what we're reading now
follow us on facebook
follow us on twitter
subscribe to our blog
find it

What We're Reading Now

Improving Your Empathic Listening

24 May 2016

Janie read Three Ways Leaders Can Listen with More Empathy, and was excited to have some concrete suggestions on ways to improve her listening skills.

Tags: communication, empathy, janie read, listening

At Allison Partners, we spend a lot of time talking with clients about listening. In many of their communication courses, Allison and Rachel remind people that listening is one of those things that most managers know is important but often don’t practice well. Given that, I was interested when I saw Christine Riordan’s article, Three Ways Leaders Can Listen with More Empathy, on the HBR blogs.

Riordan notes how common it is for leaders to take command, direct conversations, or worry about what they might say next rather than really listening to what the other person is saying. As Riordan writes, “Research also shows that active listening, combined with empathy or trying to understand others’ point of view, is the most effective kind of listening.”

Riordan explains a few of the behaviors that research has linked to this kind of empathic listening. First, empathic listeners pay attention to more than simply the words being said and draw information and clues about people’s feelings using all their senses. Next, these listeners are deliberate about how they summarize and take information from the conversation. Finally, empathic listeners respond in ways that help others feel heard and stay fully engaged in the conversation.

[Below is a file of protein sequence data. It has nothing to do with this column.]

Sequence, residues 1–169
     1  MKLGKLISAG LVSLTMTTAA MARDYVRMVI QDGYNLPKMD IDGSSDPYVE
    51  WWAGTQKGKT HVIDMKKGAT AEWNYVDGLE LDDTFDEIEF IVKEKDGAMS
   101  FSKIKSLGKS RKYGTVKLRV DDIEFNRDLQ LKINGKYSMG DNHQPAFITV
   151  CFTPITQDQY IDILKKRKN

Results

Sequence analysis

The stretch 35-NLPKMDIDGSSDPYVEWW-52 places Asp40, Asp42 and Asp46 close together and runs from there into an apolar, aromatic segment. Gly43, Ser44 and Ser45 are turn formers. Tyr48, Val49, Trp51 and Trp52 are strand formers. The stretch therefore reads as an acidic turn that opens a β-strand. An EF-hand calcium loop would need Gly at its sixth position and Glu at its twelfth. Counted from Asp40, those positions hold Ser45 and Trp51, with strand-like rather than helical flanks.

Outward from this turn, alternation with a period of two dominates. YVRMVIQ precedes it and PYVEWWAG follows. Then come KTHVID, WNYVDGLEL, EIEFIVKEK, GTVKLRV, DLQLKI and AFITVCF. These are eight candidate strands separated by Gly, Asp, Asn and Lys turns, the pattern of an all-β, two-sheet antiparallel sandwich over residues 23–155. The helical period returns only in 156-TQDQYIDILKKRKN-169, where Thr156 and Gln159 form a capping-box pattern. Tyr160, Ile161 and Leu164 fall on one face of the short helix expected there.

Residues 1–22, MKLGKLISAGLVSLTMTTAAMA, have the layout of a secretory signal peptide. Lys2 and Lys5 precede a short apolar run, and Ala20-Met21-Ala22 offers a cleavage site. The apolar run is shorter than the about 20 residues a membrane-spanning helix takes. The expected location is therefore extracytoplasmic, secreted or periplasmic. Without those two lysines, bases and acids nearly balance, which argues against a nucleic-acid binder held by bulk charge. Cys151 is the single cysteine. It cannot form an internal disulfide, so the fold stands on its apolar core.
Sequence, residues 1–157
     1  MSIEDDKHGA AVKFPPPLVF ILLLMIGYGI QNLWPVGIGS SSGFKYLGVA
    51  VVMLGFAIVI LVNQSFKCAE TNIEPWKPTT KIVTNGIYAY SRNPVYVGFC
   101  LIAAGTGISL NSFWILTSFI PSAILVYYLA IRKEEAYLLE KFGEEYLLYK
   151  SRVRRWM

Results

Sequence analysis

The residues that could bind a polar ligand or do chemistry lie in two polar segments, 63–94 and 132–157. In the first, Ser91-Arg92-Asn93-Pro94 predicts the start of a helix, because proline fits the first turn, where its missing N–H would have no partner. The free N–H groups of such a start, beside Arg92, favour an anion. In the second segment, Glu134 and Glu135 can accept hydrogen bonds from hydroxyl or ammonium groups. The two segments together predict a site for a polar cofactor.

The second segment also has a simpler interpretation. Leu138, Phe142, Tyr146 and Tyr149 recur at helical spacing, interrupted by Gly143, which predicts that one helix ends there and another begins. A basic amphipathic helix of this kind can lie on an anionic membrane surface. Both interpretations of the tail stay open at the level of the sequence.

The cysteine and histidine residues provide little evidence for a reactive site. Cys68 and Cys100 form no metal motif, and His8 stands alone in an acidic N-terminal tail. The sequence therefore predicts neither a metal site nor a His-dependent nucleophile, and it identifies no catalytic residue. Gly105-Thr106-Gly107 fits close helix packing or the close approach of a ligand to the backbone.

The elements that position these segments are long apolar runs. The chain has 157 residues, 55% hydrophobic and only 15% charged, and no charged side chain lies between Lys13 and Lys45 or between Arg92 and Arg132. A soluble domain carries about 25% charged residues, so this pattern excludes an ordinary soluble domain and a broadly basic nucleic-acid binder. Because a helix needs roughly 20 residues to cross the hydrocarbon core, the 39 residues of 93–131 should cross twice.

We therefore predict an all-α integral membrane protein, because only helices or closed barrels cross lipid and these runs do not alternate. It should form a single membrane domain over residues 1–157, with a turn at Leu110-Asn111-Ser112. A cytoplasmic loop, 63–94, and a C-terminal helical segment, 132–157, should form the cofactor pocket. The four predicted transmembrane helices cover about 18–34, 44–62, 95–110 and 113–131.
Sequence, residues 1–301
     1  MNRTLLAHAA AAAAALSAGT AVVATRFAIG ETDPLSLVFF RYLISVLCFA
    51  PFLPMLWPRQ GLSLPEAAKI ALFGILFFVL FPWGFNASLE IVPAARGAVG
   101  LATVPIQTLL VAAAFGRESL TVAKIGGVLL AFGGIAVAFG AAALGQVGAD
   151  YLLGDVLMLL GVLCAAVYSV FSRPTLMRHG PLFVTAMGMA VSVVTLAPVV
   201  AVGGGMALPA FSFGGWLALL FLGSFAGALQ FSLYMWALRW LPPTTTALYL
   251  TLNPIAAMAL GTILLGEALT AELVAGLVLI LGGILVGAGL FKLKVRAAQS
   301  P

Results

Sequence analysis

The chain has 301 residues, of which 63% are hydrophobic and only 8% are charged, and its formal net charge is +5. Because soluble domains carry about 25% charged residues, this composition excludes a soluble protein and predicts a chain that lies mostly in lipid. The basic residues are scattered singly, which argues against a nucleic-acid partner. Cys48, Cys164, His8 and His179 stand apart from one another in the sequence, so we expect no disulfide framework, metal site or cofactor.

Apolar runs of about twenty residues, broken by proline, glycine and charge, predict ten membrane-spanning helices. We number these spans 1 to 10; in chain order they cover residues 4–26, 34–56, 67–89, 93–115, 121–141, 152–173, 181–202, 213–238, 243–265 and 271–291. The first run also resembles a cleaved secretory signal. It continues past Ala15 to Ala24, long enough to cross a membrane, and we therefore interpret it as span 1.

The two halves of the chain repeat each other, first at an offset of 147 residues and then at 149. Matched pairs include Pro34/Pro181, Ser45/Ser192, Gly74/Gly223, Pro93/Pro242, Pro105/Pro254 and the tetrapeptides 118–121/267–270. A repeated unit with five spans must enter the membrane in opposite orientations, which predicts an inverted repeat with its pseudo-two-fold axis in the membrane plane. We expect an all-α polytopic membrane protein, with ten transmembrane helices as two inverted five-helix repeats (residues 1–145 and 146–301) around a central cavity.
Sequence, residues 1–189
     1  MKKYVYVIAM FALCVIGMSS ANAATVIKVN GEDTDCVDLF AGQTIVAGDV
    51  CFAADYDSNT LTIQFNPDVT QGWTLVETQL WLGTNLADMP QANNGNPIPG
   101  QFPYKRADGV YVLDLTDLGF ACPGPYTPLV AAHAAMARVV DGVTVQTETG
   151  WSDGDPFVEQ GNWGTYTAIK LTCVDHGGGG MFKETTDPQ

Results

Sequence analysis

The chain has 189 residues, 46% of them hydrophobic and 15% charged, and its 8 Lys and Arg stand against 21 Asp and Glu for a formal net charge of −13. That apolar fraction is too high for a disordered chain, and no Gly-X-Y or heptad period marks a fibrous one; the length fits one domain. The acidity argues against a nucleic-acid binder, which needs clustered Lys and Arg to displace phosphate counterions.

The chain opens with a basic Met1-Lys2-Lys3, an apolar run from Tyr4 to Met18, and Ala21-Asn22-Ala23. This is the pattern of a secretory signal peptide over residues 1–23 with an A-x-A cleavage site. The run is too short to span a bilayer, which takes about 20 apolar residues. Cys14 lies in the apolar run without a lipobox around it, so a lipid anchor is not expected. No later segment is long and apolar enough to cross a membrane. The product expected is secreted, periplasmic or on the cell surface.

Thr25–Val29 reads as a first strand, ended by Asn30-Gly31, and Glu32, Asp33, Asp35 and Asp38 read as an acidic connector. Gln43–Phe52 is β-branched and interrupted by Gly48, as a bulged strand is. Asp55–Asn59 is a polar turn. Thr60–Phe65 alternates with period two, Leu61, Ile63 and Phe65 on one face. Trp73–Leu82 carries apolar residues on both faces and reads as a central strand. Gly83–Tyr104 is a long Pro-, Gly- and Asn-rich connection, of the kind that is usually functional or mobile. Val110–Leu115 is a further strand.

All of this sounds good, but it can be hard to do in the midst of an actual conversation. Riordan provides some helpful phrases that leaders can use when strengthening their listening skills. For example, Riordan suggests that a leader can say, “You seem excited (happy, upset…) about this situation, and I would like to hear more about your perspective.” Allison gives a wonderful example of true empathic listening in this blog post. I think it can be really difficult to listen to another person share their feelings and not offer advice, but this is one of the greatest gifts you can give to someone else.

While empathic listening is key, it is also critically important that follow up occurs after the conversation. This will help assure others that true listening did occur, and that the conversation had purpose. Follow up can take many forms; the important thing is making sure that it happens. I have personally had the experience where I thought someone was really listening to me, but they proved otherwise by not following up on something we discussed.

If you’re interested in learning more about empathic listening, I encourage you to read Riordan’s article. It is a quick read, and includes many other valuable tips about ways to slow down and really listen to others.


Our Comment Policy:

Our blog posts are only half of the conversation. What our readers have to say is equally important to us, and we're grateful for all the comments that continue the dialog.

To ensure that the discussion here is as useful as possible to all of our readers, please be respectful of our contributors and refrain from harassing, threatening and/or vulgar language. We reserve the right to screen and remove any comments from the site. If you have a question about a comment or want to discuss our policy, please contact us. We'll talk it over.

There are no comments for this entry yet.


Leave a comment



Notify me of follow-up comments?

Enter the characters you see below:

« Return to What We're Reading Now